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Sex and gender, Work and occupational

Working mothers feel higher levels of guilt due to internalised gender stereotypes compared to fathers, reveals new study

Internalised gender stereotypes can lead to higher guilt in working mothers, yet lower guilt in working fathers, a new study has revealed.

10 November 2022

Published in the British Psychological Society’s British Journal of Social Psychology, the Netherlands-based study found that implicit gender stereotypes can predict the levels of guilt that working parents feel, with working mothers feeling higher levels of guilt compared to working fathers.

The findings also support the idea that the stronger parents implicitly associate women with family, and men with work, the more guilt mothers experience, and the less guilt fathers experience when their work interferes with their family time.

In the study, 105 mothers with at least one child aged 13 years or younger completed a daily diary assessing their work hours, work-family-conflict and work-family guilt throughout the day. It found on the days that mothers worked longer hours, they reported feeling guiltier.

Mothers also reported experiencing more work-family conflict on days that they worked longer hours. The study also found that when working a full-time day or more than eight hours, mothers who held more traditional stereotypes of a women’s role viewed this as experiencing work-family conflict and experienced more guilt than those who held less-traditional stereotypes.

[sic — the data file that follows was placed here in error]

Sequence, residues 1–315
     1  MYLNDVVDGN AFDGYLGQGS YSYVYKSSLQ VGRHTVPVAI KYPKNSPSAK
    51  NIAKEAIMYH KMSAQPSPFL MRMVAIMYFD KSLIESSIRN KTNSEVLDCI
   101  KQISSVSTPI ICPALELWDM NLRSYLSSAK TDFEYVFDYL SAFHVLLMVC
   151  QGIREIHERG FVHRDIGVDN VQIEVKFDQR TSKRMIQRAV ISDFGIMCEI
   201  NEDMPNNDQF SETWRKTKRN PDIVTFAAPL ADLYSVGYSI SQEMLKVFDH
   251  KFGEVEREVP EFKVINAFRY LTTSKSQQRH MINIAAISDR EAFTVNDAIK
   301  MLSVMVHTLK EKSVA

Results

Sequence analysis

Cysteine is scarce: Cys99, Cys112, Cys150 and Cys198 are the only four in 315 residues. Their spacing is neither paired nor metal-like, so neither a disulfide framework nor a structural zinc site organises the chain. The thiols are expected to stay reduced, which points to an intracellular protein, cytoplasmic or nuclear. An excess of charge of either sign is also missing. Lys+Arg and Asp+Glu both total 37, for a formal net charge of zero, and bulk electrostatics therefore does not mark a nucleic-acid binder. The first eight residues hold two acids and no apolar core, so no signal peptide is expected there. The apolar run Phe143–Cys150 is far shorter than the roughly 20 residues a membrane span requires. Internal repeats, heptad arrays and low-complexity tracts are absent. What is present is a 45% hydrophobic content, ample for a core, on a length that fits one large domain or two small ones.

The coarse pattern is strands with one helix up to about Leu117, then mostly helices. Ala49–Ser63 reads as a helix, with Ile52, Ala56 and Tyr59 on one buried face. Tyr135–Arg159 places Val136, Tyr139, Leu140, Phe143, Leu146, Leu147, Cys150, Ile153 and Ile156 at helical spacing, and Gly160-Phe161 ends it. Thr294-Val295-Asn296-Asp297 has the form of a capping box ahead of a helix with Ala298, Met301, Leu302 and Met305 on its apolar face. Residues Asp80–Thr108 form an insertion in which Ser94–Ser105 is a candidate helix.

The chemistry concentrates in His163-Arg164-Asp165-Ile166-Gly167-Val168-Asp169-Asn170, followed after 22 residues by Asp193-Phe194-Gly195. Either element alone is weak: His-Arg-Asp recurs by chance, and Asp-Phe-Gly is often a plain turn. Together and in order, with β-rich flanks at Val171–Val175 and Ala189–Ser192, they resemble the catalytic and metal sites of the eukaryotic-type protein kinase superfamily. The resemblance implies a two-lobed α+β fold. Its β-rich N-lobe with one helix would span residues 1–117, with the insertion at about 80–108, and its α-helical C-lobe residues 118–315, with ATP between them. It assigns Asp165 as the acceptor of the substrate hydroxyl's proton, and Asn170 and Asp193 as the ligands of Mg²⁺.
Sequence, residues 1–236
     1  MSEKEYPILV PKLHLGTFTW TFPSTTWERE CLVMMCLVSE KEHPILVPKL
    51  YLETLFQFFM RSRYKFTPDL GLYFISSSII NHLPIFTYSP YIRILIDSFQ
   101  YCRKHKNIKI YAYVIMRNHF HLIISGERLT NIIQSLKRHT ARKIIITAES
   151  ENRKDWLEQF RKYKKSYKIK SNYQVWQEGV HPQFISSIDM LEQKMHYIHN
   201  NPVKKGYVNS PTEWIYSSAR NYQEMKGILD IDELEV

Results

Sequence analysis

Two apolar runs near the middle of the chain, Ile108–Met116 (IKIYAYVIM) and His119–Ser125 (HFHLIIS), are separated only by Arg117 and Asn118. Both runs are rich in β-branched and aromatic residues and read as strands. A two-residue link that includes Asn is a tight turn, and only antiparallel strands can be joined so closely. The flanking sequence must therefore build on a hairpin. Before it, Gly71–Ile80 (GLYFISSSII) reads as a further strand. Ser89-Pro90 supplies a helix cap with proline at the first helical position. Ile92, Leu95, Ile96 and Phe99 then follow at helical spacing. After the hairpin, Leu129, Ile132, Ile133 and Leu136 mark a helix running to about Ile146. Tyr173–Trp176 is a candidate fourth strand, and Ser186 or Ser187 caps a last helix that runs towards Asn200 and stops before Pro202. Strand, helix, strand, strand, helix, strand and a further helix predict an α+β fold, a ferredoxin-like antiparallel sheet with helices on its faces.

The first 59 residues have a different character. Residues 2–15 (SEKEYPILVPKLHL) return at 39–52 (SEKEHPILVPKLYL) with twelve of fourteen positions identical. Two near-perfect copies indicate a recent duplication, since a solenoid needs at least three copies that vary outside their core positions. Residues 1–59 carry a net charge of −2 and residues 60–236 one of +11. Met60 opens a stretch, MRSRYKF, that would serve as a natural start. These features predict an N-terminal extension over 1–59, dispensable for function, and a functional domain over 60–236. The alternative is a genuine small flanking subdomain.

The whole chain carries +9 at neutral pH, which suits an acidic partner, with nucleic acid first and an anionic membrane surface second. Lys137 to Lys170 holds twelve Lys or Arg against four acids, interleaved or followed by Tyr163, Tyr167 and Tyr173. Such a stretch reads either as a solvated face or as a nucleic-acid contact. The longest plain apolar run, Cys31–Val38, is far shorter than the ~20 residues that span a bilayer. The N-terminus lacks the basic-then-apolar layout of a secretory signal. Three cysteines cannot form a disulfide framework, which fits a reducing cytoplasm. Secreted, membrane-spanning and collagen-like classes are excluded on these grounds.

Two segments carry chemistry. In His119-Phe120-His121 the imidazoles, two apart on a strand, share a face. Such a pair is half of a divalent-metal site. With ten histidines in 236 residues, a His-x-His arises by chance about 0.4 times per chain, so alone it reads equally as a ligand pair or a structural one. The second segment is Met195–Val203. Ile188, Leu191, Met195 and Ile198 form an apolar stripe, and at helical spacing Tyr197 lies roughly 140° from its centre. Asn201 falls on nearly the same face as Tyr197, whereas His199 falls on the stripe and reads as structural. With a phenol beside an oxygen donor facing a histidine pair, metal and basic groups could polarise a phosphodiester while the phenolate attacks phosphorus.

In addition, 135 mothers and 116 fathers had to consider an imaginary work-family-conflict situation, in which they could not stay home from work to take care of their sick child because they had to go to work, while their partner was able to stay home with the child. They then had to indicate how guilty they expected they would feel in that situation.

Mothers on average reported higher guilt than fathers during this task, while the stronger fathers' implicit gender stereotypes, the less guilt fathers reported when the work interfered with family, suggesting that traditional implicit gender stereotypes that tie mothers to family and fathers to work, protect fathers from feeling guilty.

Lianne Aarntzen from the University of Twente Enschede, and lead author of the study, said:

We were interested in further understanding why mothers are more prone to experience work-family guilt than fathers, especially in relation to their implicit views on parenthood themselves.

Our research highlights that these gender stereotypes do not only shape evaluations of others but also shape how parents themselves feel about their work–family choices.

Stronger internalization of gender stereotypes, tying mothers to family and fathers to work, predicted high work–family guilt among working mothers and low work–family guilt among working fathers.

It is important also to note that current studies were conducted in the Netherlands, a country that ranks high on explicit forms of gender equality.

To reach gender equality in work and family roles, taking away the gendered aspect of feeling guilty when parents' work interferes with their parenting tasks is an important first step.

Read the full study

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